Feb 8, 2023
By some strange serendipity, I happen to be reading the Lord of the Rings books for the first time, and I’m reading them alongside Adam Roberts, who is in conversation with Alan Jacobs about all things fantasy. And even Robin Sloan is in on this — for each of these fine thinkers, a re-read. I’ll be tracking along with their thoughts.
But I daresay I have it best, in the end, because I’m reading it aloud to my 12-year-old son, Malcolm. What a joy it is to discover this author alongside a child at an age when so many discover it. We are reading it slowly, in part because I never want this time together to end. Malcolm’s voice is still young, his body still slight, and I will be wrecked when this last of my babies is no longer such.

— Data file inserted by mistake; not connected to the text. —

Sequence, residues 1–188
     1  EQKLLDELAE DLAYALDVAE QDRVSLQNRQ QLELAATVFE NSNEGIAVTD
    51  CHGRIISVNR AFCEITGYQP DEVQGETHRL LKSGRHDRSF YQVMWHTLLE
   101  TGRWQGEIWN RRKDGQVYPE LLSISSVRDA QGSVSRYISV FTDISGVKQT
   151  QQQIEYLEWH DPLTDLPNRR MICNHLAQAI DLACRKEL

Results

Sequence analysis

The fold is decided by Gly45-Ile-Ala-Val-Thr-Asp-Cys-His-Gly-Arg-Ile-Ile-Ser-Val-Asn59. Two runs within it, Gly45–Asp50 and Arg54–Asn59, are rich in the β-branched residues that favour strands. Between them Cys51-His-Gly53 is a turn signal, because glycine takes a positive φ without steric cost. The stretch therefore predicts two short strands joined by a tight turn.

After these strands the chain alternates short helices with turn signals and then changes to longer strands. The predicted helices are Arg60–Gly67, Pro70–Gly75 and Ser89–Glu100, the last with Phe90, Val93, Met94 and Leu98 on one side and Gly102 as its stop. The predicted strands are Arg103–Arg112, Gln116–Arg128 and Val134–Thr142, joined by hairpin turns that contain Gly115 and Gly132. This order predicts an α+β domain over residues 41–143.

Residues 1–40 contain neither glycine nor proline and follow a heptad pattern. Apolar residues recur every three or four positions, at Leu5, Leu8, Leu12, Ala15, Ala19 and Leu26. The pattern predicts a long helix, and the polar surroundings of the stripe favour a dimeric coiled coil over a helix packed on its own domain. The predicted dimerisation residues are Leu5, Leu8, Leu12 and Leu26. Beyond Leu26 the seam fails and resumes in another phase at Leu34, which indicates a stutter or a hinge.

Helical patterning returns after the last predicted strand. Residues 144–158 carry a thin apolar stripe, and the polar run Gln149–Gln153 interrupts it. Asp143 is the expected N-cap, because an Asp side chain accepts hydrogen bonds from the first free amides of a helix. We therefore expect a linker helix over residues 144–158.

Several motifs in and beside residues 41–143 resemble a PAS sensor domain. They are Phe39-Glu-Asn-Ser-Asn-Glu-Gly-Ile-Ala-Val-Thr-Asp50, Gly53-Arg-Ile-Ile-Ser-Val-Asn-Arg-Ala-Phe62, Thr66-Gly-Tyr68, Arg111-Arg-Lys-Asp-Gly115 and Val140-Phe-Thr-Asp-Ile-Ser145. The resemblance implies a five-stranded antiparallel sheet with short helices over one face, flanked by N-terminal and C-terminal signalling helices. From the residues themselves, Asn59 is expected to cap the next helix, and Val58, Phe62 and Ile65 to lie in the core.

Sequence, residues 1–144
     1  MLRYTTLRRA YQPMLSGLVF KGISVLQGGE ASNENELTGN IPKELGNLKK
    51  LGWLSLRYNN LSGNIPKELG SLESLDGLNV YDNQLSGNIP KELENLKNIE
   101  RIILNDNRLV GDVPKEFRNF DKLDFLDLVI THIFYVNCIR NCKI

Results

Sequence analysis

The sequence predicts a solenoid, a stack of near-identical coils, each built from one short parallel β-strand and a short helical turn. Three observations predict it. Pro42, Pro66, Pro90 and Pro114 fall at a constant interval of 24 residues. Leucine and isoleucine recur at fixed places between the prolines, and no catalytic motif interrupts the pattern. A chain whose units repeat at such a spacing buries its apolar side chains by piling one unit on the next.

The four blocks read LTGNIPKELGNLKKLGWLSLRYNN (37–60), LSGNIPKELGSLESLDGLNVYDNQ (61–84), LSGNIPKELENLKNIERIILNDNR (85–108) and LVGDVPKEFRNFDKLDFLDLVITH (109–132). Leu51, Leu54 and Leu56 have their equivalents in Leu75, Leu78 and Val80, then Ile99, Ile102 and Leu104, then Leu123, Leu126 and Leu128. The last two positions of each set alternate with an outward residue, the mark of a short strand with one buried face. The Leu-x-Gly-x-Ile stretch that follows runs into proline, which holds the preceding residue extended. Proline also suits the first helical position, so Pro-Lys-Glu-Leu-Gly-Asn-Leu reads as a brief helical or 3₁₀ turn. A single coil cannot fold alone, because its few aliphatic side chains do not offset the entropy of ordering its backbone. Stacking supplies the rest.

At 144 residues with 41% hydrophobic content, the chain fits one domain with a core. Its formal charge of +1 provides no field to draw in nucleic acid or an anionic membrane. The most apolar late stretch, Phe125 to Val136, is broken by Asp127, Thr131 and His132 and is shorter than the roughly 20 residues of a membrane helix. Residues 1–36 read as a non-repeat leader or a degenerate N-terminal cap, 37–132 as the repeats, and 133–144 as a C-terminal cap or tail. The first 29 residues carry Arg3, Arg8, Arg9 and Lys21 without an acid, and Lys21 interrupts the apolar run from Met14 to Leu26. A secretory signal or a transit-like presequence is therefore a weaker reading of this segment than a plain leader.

Much to love about the end of The Two Towers, but these lines are still banging around my head:
(Sam): … I wonder if we shall ever be put into songs or tales. We’re in one, of course, but I mean: put into words you know, told by the fireside, or read out of a great big book with red and black letters, years and years afterwards. And people will say: “Let’s hear about Frodo and the Ring!” And they’ll say: “Yes, that’s one my favorite stories. Frodo was very brave, wasn’t he, dad?” “Yes, my boy, the famousest of hobbits, and that’s saying a lot.”
“It’s saying a lot too much,” said Frodo, and he laughed, a long clear laugh from his heart. Such a sound had not been heard in those places since Sauron came to Middle-earth. To Sam suddenly it seemed as if all the stones were listening and the tall rocks leaning over them.
But Frodo did not heed them; he laughed again.